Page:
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Ark Lodge Cinema

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Ark Lodge #126, Columbia City, Seattle; John L. McCauley, 1921.
The facade is neoclassical, with four Ionic pilasters. At the top of the pediment, here obscured by the tree, is a Masonic square and compass, still intact. Below it, the lettering reads "Ark Lodge 126 F.& A.M.", or "Free and Accepted Masons".
Seattle architect John L. McCauley (1879-1957), himself a Freemason, designed and built this meeting space in 1920-21 for the Ark Lodge #126 chapter. The upper story served as the Masons' assembly space, while the ground floor provided income for the chapter as retail spaces. From 1921 until the 1940s, the ground floor was occupied by the Heater Glove Factory, which made leather gloves and helmets; Charles Lindbergh wore a Heater helmet on his transatlantic flight.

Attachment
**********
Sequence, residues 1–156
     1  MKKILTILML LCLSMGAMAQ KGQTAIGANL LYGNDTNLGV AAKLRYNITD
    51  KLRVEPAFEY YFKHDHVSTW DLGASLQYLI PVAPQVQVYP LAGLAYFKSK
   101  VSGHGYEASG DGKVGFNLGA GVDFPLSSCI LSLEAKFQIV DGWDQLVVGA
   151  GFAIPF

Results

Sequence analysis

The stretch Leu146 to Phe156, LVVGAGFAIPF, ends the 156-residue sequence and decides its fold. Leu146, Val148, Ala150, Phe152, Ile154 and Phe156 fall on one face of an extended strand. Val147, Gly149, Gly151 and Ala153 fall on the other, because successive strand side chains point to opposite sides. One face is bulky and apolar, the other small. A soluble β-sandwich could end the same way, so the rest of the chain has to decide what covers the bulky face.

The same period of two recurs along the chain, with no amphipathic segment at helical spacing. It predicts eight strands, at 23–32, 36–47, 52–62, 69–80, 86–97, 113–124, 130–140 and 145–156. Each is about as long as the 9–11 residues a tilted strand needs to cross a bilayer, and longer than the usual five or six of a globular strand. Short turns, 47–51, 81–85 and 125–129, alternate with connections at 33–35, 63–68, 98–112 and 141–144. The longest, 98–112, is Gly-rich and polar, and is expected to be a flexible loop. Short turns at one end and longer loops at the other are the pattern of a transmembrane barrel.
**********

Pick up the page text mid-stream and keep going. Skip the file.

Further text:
The Masons continued to meet here until 2002, when they sold the building, and it was converted to a cinema. The marquee was added and the second-floor assembly hall became a 204-seat auditorium. After additional remodeling, the building now contains four theatres.

arklodgecinemas.com/

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